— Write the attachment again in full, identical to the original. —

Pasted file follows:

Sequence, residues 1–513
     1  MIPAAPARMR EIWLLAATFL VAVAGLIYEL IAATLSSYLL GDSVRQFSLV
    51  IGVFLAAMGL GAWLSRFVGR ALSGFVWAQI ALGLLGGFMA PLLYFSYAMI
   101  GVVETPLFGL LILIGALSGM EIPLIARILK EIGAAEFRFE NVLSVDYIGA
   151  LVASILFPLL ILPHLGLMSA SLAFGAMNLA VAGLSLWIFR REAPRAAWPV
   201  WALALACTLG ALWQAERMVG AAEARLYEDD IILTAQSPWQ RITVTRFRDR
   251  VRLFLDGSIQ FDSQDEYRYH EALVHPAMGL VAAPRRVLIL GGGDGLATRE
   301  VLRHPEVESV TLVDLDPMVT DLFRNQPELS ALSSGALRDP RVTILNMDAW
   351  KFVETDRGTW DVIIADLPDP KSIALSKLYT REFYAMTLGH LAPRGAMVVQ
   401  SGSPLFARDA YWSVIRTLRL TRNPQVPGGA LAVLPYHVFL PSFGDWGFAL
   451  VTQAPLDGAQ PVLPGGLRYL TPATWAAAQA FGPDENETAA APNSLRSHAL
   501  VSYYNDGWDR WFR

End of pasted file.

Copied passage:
Sequence, residues 1–513
     1  MIPAAPARMR EIWLLAATFL VAVAGLIYEL IAATLSSYLL GDSVRQFSLV
    51  IGVFLAAMGL GAWLSRFVGR ALSGFVWAQI ALGLLGGFMA PLLYFSYAMI
   101  GVVETPLFGL LILIGALSGM EIPLIARILK EIGAAEFRFE NVLSVDYIGA
   151  LVASILFPLL ILPHLGLMSA SLAFGAMNLA VAGLSLWIFR REAPRAAWPV
   201  WALALACTLG ALWQAERMVG AAEARLYEDD IILTAQSPWQ RITVTRFRDR
   251  VRLFLDGSIQ FDSQDEYRYH EALVHPAMGL VAAPRRVLIL GGGDGLATRE
   301  VLRHPEVESV TLVDLDPMVT DLFRNQPELS ALSSGALRDP RVTILNMDAW
   351  KFVETDRGTW DVIIADLPDP KSIALSKLYT REFYAMTLGH LAPRGAMVVQ
   401  SGSPLFARDA YWSVIRTLRL TRNPQVPGGA LAVLPYHVFL PSFGDWGFAL
   451  VTQAPLDGAQ PVLPGGLRYL TPATWAAAQA FGPDENETAA APNSLRSHAL
   501  VSYYNDGWDR WFR